Hikes with Tykes
From Chapter 4: Clothing
Half of all body heat is lost through the head, hence the hiker’s adage, “If your hands are cold, wear a hat.” In cool, wet weather, wearing a hat is at least good for avoiding hypothermia, a potentially deadly condition in which heat loss occurs faster than the body can generate it. Children are more susceptible to hypothermia than adults.
In lower latitudes, higher altitudes, deserts and especially during summer, a hat with a wide brim is useful in keeping the sun out of eyes. It’s also nice should rain start to fall.
Wear lightweight hats in late spring and summer and heavier ones in cooler weather. During winter, wear balaclavas or hats with ear flips.
For young children, get a hat with a chin strap. They like to play with their hats, which will fly off in a wind gust if not “fastened” some way to the child.
Sunglasses are an absolute must at high altitudes if walking through open areas exposed to the sun, and in winter when children can suffer from snow blindness. Look for 100% UV-protective shades, which provide the best screen.
The variety of sunglasses available out there are enormous, but when children are involved, always opt for something sturdy. You can buy sunglasses with no hinges, which means toddlers have one less avenue for breaking them. You even can buy symmetrical sunglasses that can be worn either right-side-up or upside down (for some reason, toddlers like to wear sunglasses upside down). These options also cost more money than an inexpensive pair you can buy for kids at any discount store. Also, be prepared for children to lose their sunglasses.
A water-resistant poncho is sufficient most of the time for children on a day hike. But if the temperature falls into the 50s or lower, or if hiking in a place that sees a lot of rain-fall or that is windy, more elaborate gear – such as a rain jacket and rain pants – will be better. Other rain gear might include water-resistant boots and a rain hat with a wide brim. As I advise against hiking on rainy days, we won’t spend much time on this topic. Still, carry a poncho or hooded, water-resistant windbreaker with you for each child on overcast days.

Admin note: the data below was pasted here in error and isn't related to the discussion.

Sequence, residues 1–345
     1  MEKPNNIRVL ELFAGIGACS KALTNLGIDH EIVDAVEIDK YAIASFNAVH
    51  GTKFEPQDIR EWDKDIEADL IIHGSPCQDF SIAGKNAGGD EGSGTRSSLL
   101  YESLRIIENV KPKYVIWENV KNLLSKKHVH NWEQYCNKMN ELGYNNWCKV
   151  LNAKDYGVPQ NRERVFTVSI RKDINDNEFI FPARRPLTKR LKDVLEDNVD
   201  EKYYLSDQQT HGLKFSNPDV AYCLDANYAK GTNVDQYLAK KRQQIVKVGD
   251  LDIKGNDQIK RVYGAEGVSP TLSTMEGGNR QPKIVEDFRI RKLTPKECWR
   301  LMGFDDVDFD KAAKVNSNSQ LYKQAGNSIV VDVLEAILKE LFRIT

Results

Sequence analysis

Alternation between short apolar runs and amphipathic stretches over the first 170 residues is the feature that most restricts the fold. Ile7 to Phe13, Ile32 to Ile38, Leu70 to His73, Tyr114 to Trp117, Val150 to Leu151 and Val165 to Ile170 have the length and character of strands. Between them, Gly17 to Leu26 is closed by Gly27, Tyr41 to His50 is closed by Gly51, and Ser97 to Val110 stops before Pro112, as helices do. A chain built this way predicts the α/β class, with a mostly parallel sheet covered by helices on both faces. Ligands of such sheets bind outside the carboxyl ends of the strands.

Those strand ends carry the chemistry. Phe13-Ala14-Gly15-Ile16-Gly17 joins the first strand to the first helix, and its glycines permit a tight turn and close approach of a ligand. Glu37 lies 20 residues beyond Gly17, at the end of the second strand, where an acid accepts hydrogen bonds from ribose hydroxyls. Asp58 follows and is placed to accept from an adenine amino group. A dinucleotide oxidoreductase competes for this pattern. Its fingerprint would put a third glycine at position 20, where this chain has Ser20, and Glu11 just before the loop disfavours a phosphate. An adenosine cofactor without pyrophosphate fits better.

For the northern United States, winter as well as early spring and late autumn require cold-weather clothing. Besides layering with thicker clothing or even adding a fourth layer, you’ll want to wear gloves or mittens. The latter is better for children as they keep the fingers grouped together and so warmer. Scarves or mufflers are needed to the cover neck. Always bring extra shirts, socks and even shoes to change into after the hike. Shoes likely will get wet on a cold weather hike, and children will need new socks so they don’t have to suffer through cold feet on the drive home.
After the hike
Even if the weather is warm, bring a complete change of clothes, including footwear, for each child, just in case. The clothes don’t have to be those that the kids would wear in the wilds. If all goes well on the hike, you won’t need to change clothes, but it’s best to be prepared.
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